State of INFOCOM October 2013

State of INFOCOM October 2013

Greeting Marines,
Sorry for the delay in my report for October. I have just recovered from my Halloween candy coma.
Just kidding, but it was a close call. With the holiday season fast approaching, INFOCOM will be delay starting any new projects until after the New Year. Normal maintenance and troubleshooting issues will continue during this time. I will address this in more detail with a list of future projects planned in the November report.

In the last reports I have mentioned a few IT related items about backing up files and passwords. This month I would like to talk about properly destroying your files. I’m not sure if anyone else has heard this saying before, “You only lock your car to keep the honest people out”. Basically this means those who are planning on breaking in will do it anyway, the locked door doesn’t matter to them.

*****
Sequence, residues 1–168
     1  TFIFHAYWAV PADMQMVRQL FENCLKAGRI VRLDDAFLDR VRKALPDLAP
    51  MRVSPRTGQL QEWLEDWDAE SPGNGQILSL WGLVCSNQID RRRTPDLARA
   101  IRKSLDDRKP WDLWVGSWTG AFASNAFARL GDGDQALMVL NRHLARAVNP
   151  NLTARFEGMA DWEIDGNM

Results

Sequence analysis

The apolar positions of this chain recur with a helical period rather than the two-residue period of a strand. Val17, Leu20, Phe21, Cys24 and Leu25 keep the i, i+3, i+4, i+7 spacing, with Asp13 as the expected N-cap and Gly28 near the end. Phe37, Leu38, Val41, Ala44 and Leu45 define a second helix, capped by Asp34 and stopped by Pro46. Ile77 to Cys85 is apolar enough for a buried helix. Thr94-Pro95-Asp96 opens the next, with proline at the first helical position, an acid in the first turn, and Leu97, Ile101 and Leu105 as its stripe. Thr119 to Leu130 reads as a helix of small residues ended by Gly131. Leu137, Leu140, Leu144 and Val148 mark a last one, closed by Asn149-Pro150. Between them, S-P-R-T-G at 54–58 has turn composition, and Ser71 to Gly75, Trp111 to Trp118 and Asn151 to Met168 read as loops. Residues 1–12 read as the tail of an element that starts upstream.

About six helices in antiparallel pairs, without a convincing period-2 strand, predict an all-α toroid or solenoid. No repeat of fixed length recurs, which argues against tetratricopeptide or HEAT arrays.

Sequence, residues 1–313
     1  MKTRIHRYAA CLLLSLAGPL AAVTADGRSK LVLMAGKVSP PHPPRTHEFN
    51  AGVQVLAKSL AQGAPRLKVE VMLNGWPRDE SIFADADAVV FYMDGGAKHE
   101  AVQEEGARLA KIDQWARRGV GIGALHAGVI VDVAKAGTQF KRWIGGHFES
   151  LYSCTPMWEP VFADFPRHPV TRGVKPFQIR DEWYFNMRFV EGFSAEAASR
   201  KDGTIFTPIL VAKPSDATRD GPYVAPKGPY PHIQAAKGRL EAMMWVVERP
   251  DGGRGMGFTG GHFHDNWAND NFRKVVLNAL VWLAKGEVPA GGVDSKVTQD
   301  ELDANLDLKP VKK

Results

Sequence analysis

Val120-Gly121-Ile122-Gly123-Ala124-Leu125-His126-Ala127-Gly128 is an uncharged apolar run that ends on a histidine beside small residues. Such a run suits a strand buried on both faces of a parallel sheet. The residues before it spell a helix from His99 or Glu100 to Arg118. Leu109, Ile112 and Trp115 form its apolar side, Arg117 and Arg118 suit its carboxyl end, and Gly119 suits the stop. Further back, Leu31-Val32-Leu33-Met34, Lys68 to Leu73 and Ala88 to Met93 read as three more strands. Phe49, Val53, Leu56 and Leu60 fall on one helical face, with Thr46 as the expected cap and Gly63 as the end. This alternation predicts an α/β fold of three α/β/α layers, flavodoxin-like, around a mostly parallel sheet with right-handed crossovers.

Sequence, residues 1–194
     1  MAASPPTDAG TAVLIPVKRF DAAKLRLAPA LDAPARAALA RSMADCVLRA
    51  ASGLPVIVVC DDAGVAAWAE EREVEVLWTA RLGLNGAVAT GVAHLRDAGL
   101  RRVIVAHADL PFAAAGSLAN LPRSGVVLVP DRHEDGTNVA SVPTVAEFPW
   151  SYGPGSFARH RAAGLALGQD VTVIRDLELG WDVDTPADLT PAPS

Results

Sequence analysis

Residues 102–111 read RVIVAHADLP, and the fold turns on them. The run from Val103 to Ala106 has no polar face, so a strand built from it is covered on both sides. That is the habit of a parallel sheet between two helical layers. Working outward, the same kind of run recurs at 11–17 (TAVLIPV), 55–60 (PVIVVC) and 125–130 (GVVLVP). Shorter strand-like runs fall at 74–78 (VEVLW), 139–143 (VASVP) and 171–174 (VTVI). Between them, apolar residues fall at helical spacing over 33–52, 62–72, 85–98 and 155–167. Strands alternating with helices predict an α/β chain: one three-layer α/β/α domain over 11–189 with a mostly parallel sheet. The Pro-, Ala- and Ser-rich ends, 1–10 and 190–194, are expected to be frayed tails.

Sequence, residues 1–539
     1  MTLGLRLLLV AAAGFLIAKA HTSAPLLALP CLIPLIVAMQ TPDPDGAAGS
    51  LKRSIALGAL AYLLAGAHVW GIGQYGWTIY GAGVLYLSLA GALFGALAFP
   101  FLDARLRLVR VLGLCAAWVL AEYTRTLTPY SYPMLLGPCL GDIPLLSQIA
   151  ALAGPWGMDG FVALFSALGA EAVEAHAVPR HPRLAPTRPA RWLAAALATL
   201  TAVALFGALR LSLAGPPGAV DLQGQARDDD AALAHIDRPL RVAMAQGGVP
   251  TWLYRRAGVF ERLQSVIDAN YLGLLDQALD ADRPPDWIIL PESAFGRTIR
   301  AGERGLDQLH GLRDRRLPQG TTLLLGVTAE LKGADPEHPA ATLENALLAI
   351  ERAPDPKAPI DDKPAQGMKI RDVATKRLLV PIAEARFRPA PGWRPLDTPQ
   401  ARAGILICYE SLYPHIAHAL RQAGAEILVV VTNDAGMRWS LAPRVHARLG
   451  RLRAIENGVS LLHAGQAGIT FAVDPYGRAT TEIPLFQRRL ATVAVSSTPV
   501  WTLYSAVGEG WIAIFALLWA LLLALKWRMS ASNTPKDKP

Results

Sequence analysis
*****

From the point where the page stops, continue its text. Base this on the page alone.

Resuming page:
Over the years I have had to recover files deleted by mistake and assisted friends trying to recover files that were lost when their computer hard drive crashed. Yes that is correct, they had no backup. Years ago, I purchased a software suite that can recover files that have been deleted or files from a failing hard drive. The first time I used this software I was very surprised how well it worked. I could read the last 6 writes to the hard drive. You might ask, what does that mean? Let’s say you have a computer hard drive and you format it and reload the operating system 6 different times in a row. This software could see the files in all six of those installs. Has anyone sold an old laptop or given an old computer away? I’m sure before you did that you deleted your files, formatted the hard drive and reloaded the operating system. Unless you did that 7 or more times this software and others like it could recover your files from that computer. Today in my case, I have another program that does a DOD (Department of Defense) level format of a hard drive, it writes to the hard drive more than 10 times making the possibility of recovering the files with this software impossible. If I really don’t want to take a chance the old hammer and hard drive on the side walk trick works as well. The bottom line is, if the person that got your old computer is honest, you should still lock your car door. (Sorry, that might still be the candy talking)